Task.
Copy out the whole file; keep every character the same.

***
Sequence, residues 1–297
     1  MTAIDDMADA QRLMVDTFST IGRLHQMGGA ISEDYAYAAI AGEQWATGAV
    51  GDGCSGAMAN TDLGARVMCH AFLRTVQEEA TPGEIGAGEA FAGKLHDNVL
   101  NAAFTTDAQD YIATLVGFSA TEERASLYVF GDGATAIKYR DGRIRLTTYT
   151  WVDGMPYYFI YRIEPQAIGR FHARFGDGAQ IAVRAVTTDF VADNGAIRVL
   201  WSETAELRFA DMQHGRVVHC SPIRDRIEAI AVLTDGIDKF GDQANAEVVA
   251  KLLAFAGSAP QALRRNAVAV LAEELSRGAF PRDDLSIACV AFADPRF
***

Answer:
Sequence, residues 1–297
     1  MTAIDDMADA QRLMVDTFST IGRLHQMGGA ISEDYAYAAI AGEQWATGAV
    51  GDGCSGAMAN TDLGARVMCH AFLRTVQEEA TPGEIGAGEA FAGKLHDNVL
   101  NAAFTTDAQD YIATLVGFSA TEERASLYVF GDGATAIKYR DGRIRLTTYT
   151  WVDGMPYYFI YRIEPQAIGR FHARFGDGAQ IAVRAVTTDF VADNGAIRVL
   201  WSETAELRFA DMQHGRVVHC SPIRDRIEAI AVLTDGIDKF GDQANAEVVA
   251  KLLAFAGSAP QALRRNAVAV LAEELSRGAF PRDDLSIACV AFADPRF